In many countries, both media and civil society organisations (CSOs) face the same challenges such as restricted access to information, smear campaigns, legal and practical limitations for accessing funding, as well as limited space for the exchanges of best practices – all a result of the shrinking civil space. Collaboration between journalistic organisations and CSOs can counter those trends, advance their work, have a powerful societal impact, and strengthen democracy.
Grantees in the spotlight
Without the engagement of people from different social groups and demographics in public matters, one cannot build a democracy, nor counter polarisation. Still, civic engagement has been reserved predominantly for European capital regions where the effects of certain policies on people’s lives are immediately perceived.
Therefore, several of Civitates’ grantee partners have made it a priority to expand civic engagement beyond the capital cities.
The European Partnership for Democracy, a Civitates grantee partner and an organisation with a global remit to support democracy recently published an article explaining the importance of the Digital Services Act for Democracy in Europe and potentially beyond.
A governmental attempt to restrict women’s rights in 2020, a proposed tax reform in 2021 that can shrink the space for independent media, and governmental efforts to curtail the judiciary’s independence marked an eventful period for civil society organisations in Poland. Amidst all developments, Polish civil society has learnt that united actions have more impact than individual attempts to counter the worrying trends.
The government campaign against civil organisations in the last few years has caused major damage to the sector in Hungary. The local initiatives in cities and towns across the country have withdrawn and are focusing on rather apolitical activities. Stigmatised CSO’s, especially in pro-governmental cities are isolated from public or civic co-operations.
NOSZA coordinates a coalition of five NGOs in Hungary, working on diverse topics to strengthen civic space. The coalition does so by demonstrating the professionality of civil sector actors that work on improving the lives of people who are most in need. This is achieved, even in lack of funding and in over-politicised atmospheres, via cooperation. With support from Civitates, the coalition members provide multi-sector services, raise public and stakeholder awareness across the country and learn from each other.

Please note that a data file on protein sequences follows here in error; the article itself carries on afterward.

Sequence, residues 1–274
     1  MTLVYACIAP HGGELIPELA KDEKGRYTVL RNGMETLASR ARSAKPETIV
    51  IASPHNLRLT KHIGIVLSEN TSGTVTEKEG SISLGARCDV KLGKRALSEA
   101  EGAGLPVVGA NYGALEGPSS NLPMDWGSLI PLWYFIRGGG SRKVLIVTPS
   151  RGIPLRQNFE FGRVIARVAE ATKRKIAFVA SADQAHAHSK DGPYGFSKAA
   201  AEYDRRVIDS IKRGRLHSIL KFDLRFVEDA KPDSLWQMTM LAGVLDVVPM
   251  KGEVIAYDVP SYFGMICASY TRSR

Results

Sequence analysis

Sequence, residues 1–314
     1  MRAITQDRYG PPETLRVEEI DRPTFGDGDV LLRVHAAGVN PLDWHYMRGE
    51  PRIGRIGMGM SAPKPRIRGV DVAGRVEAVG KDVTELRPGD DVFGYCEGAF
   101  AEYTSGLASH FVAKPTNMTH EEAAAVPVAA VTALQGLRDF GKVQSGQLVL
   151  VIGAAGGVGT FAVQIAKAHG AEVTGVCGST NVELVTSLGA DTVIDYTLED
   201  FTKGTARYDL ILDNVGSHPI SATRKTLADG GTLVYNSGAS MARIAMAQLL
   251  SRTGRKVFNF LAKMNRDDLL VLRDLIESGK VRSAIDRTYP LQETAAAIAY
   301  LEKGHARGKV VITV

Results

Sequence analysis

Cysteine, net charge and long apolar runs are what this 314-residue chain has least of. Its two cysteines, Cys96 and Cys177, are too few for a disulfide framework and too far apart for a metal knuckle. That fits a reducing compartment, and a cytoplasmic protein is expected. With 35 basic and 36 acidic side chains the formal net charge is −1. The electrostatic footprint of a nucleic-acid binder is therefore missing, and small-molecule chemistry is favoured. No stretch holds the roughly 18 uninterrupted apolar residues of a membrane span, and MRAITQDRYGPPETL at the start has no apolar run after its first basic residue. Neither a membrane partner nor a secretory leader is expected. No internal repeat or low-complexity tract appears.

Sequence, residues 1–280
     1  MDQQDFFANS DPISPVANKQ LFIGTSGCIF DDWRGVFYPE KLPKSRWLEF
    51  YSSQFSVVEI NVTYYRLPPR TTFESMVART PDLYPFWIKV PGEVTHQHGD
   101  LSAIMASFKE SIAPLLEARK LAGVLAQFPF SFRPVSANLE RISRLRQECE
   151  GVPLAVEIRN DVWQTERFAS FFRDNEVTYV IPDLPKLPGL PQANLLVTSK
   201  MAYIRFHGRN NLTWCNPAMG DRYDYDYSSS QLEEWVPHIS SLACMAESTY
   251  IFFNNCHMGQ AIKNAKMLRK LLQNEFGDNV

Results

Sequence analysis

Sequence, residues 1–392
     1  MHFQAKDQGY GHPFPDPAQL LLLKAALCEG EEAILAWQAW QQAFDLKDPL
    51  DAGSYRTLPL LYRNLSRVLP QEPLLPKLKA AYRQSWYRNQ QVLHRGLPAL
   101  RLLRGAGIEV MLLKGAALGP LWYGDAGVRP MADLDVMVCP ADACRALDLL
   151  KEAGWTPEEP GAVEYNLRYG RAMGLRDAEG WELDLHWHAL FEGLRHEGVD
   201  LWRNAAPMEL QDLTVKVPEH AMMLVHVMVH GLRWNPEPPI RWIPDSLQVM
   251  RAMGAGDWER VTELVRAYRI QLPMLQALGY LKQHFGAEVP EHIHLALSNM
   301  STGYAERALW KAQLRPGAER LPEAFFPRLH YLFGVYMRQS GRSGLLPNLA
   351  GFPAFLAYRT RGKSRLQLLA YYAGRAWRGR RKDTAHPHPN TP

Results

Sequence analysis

The environment for non-governmental organisations and journalists in Slovenia has become increasingly hostile and restrictive since the new government led by Janez Janša took office in March 2020. We constantly see the lack of understanding of the watchdog role of civil society and journalists across the political spectrum.
The European Partnership for Democracy (EPD) facilitates collective action aimed to strengthen EU action and reinforce democracy within EU countries through regulating the digital public sphere in ways that are conducive to democratic principles and practices.
A draft law in Bulgaria proposes an amendment to the Non-profit Legal Entities Act in two parts – the part regarding the functioning of the Civil Society Development Council, as well as proposing the creation of a new legal framework on declaring and controlling the funding of NGOs received from a foreign country or from a foreign natural or legal person. In view of these developments, Civitates met the grantees from Citizen Participation Forum and the Bulgarian Center for Non-for-profit Law, Iva Taralezhkova and Nadia Shabani, to shed a light on the situation in Bulgaria and the work of the coalition.